US Central Bank Records Show 50 Cybersecurity Breaches Since 2011
Over 50 known cybersecurity breaches were detected by the U.S. Federal Reserve between 2011 and 2015, Fed Reserve records have revealed.
The United States Federal Reserve, the country’s central bank, has detected over 50 cybersecurity breaches between 2011 and 2015 alone.
Several espionage incidents were detected, with staff suspecting foreign hackers or spies involved in many of the incidents, according to the report obtained by Reuters.
The Fed Reserve’s computer network plays a notably critical role in the global banking framework and often holds confidential information on discussions about monetary policy. Such data is often the fabric that weaves and drives financial markets globally.
Notably, the records only show a portion of all cyber attacks on the Fed because they are restricted to cases that only involve the Washington-based Board of Governors. The federal agency is subject to public record laws and is fundamentally how Reuters obtained the report, due to the Freedom of Information Act.
The 50 cyber breaches do not include any of the reports by local cybersecurity installations at the central bank’s 12 regional branches, all of which are privately owned.
In eight breaches between 2011 and 2013, Fed staff wrote in the report that multiple cases of cyber attacks involved “malicious code”, a nod to the malware used by hackers. The two-year time period was during the time when the Fed Reserve’s trading desk was buying huge amounts of bonds.
Four specific hacking incidents from 2012 were deemed acts of “espionage” the records revealed.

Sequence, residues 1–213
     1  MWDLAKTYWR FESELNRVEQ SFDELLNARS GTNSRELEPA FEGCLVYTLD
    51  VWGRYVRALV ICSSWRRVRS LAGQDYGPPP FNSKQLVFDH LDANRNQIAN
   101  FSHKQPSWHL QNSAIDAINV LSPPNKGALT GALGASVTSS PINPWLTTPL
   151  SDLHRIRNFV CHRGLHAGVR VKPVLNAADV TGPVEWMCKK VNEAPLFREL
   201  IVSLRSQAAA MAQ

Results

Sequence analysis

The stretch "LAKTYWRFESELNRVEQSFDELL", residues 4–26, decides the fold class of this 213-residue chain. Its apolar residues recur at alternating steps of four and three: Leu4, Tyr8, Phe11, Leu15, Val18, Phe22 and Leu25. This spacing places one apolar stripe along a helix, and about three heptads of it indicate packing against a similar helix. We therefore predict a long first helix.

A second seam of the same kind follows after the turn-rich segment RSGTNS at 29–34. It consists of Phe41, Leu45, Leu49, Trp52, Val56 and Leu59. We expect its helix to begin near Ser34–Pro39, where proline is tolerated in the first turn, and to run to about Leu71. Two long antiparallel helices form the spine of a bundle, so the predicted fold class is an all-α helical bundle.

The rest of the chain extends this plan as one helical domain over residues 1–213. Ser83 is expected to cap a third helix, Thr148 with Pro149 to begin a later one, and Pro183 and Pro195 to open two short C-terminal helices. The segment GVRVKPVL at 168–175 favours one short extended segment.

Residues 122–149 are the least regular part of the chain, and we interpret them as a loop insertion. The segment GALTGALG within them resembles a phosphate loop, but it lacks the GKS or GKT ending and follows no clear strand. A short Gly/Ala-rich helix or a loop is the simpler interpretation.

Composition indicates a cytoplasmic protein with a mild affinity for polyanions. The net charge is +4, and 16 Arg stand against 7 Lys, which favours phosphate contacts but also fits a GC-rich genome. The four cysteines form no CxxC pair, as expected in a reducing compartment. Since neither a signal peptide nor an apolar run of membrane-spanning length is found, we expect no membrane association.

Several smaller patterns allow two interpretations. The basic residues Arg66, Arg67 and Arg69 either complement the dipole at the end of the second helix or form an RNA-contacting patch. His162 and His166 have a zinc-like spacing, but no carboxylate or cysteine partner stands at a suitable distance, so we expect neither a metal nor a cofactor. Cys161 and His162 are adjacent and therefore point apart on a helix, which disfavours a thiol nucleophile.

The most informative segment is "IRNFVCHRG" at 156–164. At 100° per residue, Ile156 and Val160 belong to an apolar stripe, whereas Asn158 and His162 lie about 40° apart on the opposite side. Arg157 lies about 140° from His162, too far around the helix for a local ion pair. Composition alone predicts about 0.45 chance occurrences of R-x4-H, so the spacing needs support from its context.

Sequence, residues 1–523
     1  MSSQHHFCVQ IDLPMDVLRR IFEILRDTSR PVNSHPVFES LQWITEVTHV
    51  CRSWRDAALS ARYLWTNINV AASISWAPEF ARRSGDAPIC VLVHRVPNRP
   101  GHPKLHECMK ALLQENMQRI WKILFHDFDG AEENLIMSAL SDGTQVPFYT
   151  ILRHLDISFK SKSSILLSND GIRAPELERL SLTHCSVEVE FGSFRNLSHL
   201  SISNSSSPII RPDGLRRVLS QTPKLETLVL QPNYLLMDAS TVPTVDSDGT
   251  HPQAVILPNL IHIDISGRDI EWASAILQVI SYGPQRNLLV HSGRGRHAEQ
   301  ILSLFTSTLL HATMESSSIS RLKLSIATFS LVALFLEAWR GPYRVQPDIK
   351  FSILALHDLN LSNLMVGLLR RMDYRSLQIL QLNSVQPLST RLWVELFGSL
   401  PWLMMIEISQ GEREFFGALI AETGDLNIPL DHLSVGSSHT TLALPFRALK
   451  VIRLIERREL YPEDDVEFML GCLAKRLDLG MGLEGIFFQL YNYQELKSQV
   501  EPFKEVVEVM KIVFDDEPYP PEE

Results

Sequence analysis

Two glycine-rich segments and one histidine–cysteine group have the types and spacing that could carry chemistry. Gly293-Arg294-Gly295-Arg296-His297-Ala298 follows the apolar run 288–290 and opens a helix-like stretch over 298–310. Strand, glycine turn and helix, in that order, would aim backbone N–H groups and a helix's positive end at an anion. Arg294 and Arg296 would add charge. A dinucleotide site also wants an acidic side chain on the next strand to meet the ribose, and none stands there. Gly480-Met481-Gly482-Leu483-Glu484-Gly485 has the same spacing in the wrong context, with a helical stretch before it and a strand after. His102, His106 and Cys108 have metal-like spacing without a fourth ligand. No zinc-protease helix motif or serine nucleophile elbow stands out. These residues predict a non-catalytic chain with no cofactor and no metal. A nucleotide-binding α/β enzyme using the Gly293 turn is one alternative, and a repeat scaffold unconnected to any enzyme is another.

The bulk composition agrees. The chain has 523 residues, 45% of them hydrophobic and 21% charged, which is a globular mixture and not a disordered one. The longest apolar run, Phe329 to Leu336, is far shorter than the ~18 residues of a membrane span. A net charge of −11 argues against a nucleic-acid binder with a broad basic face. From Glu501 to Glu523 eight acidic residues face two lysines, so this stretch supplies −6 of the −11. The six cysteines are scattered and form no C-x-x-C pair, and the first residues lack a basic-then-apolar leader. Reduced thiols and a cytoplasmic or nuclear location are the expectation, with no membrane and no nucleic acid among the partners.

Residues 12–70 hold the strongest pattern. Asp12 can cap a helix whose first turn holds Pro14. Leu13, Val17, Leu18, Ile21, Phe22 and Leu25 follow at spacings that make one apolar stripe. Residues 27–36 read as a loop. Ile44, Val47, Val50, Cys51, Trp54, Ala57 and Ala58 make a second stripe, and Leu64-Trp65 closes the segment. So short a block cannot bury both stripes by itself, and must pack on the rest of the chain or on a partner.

Altogether, 51 cases of “information disclosure” were identified involving by the Fed’s board, by the national team of cybersecurity sleuths put in place by the Fed. The term ‘information disclosure’ includes several ways through which unauthorized access and people access Fed information. Spear phishing attempts, Fed emails sent to the wrong recipients and hacking attacks are some cases.
The national cybersecurity team set up by the Fed, known as the National Incident Response Team (NIRT) created 263 incident reports, as obtained by Reuters.
To throw some light into how overworked the team is, NIRT employees, under the condition of anonymity revealed that the team had once worked for five-straight days, around the clock, to patch critical systems’ software. The software was used by hackers to gain access to the Fed systems, in order to obtain passwords.
To take breaks between working, one employee admitted to taking naps at an office desk.
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